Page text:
Posts Tagged DeChristopher
¶Tim DeChristopher’s lawyers received the bill Friday, a day after he was indicted on a pair of felony auction-rigging charges. The bill was characterized by one of the lawyers and Bureau of Land Management officials as a demand for a civil penalty unrelated to the criminal proceedings.
¶DeChristopher said he has raised around $100,000 from a broad range of supporters. Weeks after the Dec. 19 auction, he offered to make a down payment on his bids, but was flatly rejected by the BLM, which said it was too late.
¶The fine the BLM issued Friday was unrelated to any deposit or money DeChristopher owes on his bids. It opens a possible civil claim that DeChristopher can contest in an administrative appeal, according to BLM officials.
Tim DeChristopher INDICTED! US Attorney Brett Tolman (Utah) has leveled formal charges. Tim’s response
This will be a political show trial at taxpayer expense.
A grand jury indicted Tim DeChristopher this afternoon. He’s charged with two counts of violating the Federal Onshore Oil and Gas Leasing Act.
Democracy Now: University of Utah student Tim DeChristopher explains how he “bought” 22,000 acres of land in an attempt to save the property from drilling. The sale had been strongly opposed by many environmental groups. Stephen Bloch of the Southern Utah Wilderness Alliance said: “This is the fire sale, the Bush administration’s last great gift to the oil and gas industry.”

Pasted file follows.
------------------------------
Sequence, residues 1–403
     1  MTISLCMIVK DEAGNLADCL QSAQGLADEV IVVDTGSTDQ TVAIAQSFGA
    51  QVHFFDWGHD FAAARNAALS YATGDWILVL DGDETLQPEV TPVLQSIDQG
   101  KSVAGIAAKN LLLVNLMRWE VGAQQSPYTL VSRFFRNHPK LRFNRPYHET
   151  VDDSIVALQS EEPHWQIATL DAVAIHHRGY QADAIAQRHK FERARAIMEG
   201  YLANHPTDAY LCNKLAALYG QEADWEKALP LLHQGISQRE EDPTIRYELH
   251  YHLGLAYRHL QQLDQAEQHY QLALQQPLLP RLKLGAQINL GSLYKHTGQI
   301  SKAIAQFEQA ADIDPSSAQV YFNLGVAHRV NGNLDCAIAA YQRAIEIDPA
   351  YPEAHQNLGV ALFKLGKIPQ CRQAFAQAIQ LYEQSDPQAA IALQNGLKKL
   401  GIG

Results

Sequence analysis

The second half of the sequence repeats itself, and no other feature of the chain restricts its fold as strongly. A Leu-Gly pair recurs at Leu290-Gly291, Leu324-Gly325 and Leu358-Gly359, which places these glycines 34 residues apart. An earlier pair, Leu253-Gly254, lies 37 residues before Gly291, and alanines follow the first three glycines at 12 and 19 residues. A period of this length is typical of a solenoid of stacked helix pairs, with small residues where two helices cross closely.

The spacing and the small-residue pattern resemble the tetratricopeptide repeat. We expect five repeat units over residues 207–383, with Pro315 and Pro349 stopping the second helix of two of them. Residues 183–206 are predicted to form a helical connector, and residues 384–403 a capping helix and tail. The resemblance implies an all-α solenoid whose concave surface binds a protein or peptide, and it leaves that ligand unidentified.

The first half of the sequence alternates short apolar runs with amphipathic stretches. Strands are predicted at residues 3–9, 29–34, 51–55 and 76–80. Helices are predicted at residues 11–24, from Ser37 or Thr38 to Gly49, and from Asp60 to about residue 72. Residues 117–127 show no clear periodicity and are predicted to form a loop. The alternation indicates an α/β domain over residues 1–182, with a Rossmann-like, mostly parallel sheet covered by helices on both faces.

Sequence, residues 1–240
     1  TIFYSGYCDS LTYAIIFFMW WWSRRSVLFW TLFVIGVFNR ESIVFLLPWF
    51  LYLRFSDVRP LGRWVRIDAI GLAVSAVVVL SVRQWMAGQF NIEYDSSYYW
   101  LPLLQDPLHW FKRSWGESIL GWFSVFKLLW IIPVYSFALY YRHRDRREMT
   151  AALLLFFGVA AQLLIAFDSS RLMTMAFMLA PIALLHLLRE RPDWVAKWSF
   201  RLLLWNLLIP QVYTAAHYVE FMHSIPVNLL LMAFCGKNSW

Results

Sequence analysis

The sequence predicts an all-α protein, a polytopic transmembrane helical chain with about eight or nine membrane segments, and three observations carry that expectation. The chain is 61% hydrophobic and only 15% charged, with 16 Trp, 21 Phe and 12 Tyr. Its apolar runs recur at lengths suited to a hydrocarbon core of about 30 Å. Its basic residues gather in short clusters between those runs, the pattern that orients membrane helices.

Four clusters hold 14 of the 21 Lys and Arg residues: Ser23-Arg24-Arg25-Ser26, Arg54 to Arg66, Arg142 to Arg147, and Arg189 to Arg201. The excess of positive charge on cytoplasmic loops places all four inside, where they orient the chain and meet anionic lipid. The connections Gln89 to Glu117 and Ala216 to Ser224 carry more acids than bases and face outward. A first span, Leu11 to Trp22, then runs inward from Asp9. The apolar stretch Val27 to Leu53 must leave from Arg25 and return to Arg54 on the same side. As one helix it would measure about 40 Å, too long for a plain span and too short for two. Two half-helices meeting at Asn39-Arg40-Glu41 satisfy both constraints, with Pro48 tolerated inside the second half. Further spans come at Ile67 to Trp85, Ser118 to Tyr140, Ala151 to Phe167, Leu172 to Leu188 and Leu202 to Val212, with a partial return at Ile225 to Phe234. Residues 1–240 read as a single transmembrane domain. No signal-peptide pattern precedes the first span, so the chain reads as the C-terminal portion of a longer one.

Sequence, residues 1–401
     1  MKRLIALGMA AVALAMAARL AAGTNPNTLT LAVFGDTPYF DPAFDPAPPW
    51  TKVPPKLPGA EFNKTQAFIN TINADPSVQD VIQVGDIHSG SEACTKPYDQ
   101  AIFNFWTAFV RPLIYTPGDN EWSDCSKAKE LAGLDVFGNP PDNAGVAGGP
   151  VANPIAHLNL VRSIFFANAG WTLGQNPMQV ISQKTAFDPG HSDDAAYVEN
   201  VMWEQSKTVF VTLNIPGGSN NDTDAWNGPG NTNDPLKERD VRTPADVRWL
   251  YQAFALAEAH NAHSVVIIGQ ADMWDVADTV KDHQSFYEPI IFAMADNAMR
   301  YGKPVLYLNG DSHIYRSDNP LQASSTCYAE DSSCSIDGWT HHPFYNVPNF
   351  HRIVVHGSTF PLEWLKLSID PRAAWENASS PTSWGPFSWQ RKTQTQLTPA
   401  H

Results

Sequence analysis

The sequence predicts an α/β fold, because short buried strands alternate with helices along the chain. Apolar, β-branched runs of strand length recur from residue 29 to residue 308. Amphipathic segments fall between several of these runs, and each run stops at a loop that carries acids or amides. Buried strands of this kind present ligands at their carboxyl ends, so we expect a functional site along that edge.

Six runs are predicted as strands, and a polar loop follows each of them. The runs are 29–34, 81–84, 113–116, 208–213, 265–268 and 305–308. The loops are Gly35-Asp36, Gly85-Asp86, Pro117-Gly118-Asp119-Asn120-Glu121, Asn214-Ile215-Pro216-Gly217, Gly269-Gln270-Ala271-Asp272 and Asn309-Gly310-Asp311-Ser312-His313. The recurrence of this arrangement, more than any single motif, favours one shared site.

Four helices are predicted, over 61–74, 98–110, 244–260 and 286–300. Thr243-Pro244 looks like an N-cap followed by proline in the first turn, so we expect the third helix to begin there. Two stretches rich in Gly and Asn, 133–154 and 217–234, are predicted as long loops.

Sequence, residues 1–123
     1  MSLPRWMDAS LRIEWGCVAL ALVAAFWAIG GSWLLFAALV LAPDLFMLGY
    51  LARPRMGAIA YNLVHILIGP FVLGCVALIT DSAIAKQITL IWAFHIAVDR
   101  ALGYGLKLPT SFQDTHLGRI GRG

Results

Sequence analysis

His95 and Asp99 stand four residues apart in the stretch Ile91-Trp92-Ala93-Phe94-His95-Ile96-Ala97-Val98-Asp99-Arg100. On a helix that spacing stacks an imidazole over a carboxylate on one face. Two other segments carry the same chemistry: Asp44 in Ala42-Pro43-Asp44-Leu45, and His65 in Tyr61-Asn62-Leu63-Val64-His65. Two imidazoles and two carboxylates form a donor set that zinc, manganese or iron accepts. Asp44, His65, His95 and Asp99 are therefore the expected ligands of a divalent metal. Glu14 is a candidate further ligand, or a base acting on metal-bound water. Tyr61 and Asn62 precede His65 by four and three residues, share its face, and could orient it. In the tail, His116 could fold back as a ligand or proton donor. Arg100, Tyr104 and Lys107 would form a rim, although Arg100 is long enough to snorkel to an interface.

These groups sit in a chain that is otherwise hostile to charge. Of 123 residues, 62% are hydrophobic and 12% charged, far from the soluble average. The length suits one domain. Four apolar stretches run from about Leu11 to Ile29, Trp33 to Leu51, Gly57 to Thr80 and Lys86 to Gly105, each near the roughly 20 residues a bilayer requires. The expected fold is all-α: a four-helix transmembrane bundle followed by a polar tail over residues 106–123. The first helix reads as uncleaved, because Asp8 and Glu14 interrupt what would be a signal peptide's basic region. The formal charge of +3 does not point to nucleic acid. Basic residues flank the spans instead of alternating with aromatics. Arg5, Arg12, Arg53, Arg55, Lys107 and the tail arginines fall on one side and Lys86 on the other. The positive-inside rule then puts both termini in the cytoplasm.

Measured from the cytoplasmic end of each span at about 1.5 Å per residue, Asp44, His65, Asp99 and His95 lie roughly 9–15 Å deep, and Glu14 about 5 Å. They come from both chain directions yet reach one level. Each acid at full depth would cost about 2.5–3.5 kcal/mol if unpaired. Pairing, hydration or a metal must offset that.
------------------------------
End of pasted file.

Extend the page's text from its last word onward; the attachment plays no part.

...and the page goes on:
This is about politics. US Attorney Brett Tolman (Jason Chavetz look-alike) is Orrin Hatch’s ‘boy.’ I think we may assume Tolman has given up any hope to being retained by Obama’s Justice Department and is gunning for Jim Matheson’s (D-UT) seat or the new 4th District seat.
Utah Now (full story): He’s the 27-year-old college student and environmental activist who disrupted a public land auction last month by bidding up several parcels intended for oil and gas development. Join us as we take a closer look at what some are calling a case of modern-day monkey wrenching.
You have to give him credit for trying. Utah State Rep Mike Noel of Kanab managed to get his bill through which would punish land lease bidders who have no intention of buying those leases. This, of course, is directed at the action of our local hero, Tim DeChristopher, whose spontaneous idea managed to disrupt a fraudulent auction (the lease sales from which were later canceled by the Obama administration).